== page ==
How the world can curb carbon emission by setting a sustainable development goal on land and a zero-net land degradation as target?
This panel session was facilitated by Mr. Hans Nilsagård, Senior Forest Officer, Government of Sweden.
Hans Nilsagård Senior advisor at Ministry of Agriculture, with special focus on forests & climate. He is part of the Swedish negotiation team in the UNFCCC process since 2003, leading in land use issues including REDD+ and chaired the EU expert group on LULUCF during the Swedish EU Presidency (2009). Mr. Nilsagård began in the govermental offices as a Special advisor at Ministry of Industry in 2003. Earlier tasks of him include coordinator of the 2008 government bill on forest policies and the governmental recovery actions following the large storm in Sweden in 2005. After research studies in forest products trade, he worked as a Natural resource economist at the European Commission´s Joint Research Centre in Seville, Spain (2000-2002), assessing EU policies on GM plants in agriculture.
Mr. Alexander Müller, Assistant Director-General, Food and Agriculture of the United Nations (FAO), focused on the importance of soils for global food security. He emphasized the need for a partnership among the different organizations that deal with soils in order to effectively address the challenge and called for positioning soils high on the global political agenda. In light of future food demand, he underlined the need to minimize food loss in the food chain, with attention given to the last post-harvest losses in developing countries and consumption waste in developed countries.
Professor Uriel Safriel, (PPT_Uriel Safriel.pdf) Blaustein Institute for Desert Research, argued that achieving zero-net land degradation - that is, the restoration of degraded land that is equivalent to the amount degraded within a given period of time - would move the global community from the vicious cycle of land degradation to the virtuous cycle where biodiversity conservation and climate change mitigation and adaptation are maintained. Focusing on soil erosion, as it makes up 90% of all drivers of land degradation, he drew attention to the significant role played by agriculture in degrading the land and the mechanisms needed to reverse land degradation These include, the use of non-conventional agricultural practices, the development of an intergovernmental framework to address land degradation everywhere, and strengthening the science on desertification, land degradation and drought. Finally, he said the experience gained to combat desertification could be usefully transferred to address the land degradation problem in the non-drylands.
Professor Graham Von Maltitz, (PPT_Graham von Maltitz.pdf) Council for Scientific and Industrial Research Pretoria, framed his presentation from a local community's perspective. He argued that the restoration of degraded lands should be pursed on a landscape level and premised on the wide range of benefits that accrue at both the local and global levels, as carbon sequestration is too little to drive development. He observed that as one moves further from the forests, more carbon appears to be in the soils than in the forests. He underscored the huge need for adaptation and resilience, the exercise of environmental justice and a good scientific basis that takes into account local knowledge.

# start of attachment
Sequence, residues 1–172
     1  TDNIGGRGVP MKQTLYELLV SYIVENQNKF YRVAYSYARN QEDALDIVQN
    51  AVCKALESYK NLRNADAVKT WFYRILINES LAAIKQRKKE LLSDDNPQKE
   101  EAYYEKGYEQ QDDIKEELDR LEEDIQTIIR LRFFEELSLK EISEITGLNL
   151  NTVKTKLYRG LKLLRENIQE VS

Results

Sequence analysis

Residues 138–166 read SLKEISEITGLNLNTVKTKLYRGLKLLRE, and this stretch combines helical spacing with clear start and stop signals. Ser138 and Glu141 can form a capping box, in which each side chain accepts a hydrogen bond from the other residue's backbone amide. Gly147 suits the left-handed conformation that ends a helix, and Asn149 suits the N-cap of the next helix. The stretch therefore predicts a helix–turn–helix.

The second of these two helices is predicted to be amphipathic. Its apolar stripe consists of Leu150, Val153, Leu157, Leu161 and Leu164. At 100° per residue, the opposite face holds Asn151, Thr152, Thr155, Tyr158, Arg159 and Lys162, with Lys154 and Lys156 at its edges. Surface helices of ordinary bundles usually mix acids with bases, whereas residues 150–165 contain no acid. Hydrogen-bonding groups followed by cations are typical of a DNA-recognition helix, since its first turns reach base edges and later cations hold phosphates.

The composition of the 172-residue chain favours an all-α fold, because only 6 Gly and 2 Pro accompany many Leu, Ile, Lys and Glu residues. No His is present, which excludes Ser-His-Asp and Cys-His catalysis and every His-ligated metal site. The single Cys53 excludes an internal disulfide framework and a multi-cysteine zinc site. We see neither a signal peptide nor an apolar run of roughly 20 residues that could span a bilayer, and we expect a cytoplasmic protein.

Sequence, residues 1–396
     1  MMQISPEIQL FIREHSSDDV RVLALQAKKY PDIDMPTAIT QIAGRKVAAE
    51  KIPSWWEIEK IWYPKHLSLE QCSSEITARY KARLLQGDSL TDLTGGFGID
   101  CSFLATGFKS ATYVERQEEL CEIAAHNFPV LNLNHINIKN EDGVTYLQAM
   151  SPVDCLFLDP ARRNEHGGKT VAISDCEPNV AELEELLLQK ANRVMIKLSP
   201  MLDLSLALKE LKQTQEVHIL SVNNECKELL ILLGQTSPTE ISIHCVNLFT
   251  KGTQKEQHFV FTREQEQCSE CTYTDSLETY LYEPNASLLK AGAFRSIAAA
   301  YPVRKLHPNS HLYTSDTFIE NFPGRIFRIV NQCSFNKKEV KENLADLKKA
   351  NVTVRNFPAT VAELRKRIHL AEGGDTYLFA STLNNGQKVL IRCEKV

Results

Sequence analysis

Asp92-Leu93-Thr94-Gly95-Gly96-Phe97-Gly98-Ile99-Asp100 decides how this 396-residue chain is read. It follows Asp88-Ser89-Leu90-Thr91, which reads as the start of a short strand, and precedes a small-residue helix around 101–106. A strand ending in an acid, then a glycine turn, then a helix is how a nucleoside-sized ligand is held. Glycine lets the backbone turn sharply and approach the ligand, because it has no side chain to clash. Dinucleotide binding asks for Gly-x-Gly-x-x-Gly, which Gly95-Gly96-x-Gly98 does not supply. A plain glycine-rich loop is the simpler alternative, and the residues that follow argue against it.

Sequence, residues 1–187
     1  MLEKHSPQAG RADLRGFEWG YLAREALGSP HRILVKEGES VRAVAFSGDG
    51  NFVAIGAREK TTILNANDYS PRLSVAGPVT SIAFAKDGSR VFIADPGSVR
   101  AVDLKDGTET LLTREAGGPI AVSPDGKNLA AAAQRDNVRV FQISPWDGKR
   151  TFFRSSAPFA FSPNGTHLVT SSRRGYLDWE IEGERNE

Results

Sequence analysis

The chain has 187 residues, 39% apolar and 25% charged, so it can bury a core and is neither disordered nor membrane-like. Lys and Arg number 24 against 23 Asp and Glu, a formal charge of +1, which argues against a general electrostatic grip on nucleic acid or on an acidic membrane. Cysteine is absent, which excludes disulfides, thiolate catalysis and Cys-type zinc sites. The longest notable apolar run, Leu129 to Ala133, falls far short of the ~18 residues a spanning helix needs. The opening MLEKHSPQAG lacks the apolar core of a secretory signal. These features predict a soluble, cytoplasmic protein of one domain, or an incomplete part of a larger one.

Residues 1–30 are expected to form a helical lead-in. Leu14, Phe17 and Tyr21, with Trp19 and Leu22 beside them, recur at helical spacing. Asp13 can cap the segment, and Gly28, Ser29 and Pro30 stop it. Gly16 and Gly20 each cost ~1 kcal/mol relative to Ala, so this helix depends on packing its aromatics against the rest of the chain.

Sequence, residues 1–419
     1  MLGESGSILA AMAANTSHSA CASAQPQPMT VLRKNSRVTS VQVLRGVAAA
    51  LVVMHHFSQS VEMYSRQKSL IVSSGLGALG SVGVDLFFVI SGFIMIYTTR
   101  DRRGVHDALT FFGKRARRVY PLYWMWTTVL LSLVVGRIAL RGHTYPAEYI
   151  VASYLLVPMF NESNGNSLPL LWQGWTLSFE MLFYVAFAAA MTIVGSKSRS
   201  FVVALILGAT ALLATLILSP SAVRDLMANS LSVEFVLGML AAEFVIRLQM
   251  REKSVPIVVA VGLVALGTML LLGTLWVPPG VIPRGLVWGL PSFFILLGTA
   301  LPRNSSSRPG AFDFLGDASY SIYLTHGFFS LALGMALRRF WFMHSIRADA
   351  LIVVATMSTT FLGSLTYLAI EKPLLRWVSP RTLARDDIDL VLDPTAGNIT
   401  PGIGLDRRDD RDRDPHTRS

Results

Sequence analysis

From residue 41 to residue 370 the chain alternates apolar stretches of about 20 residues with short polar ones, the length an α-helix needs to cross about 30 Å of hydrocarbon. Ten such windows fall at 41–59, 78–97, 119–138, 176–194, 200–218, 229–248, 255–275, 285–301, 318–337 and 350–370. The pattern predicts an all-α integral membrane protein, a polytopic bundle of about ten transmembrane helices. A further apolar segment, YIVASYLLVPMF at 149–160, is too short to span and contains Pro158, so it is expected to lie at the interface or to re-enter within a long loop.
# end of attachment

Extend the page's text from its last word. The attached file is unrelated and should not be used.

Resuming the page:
Mr. Jesper Hornberg, (PPT_Jesper Hornberg.pdf) Africa Enterprise Challenge Fund (AECF), said that in anticipation of the increase in climate impacts, the AECF has developed a model to fund good business ideas focused on Africa's rural areas, and with a development impact and aid adaptation to climate change. He said up to USD130million has been earmarked for such projects, noting that a key requirement is the provision of matching funds from the commercial investor. He said the AECF's current projects are mostly in East Africa but AECF has expanded to the West and Southern African regions.
Participants inquired about: the scope of the land area targeted; the investments needed to move from degradation to rehabilitation of the land; the growing interest in biofuels and its role in driving land degradation; ways to ensure developing countries follow more efficient development paths; the possibility to restore heavily degraded areas; and ways to place the land degradation issue high on the political agenda.
The presenters emphasized: the importance of a landscape approach to land restoration; the change required at various levels, including financial investment, transforming local perceptions and beliefs and governance; the complexity in the issue of biofuels; the need to pay attention to the costs and benefits of land degradation, as well as the economic viability of restoring heavily degraded land; the need for research; and the importance of placing agriculture on the agenda of the climate change negotiators, particularly the subsidiary body on science and technology.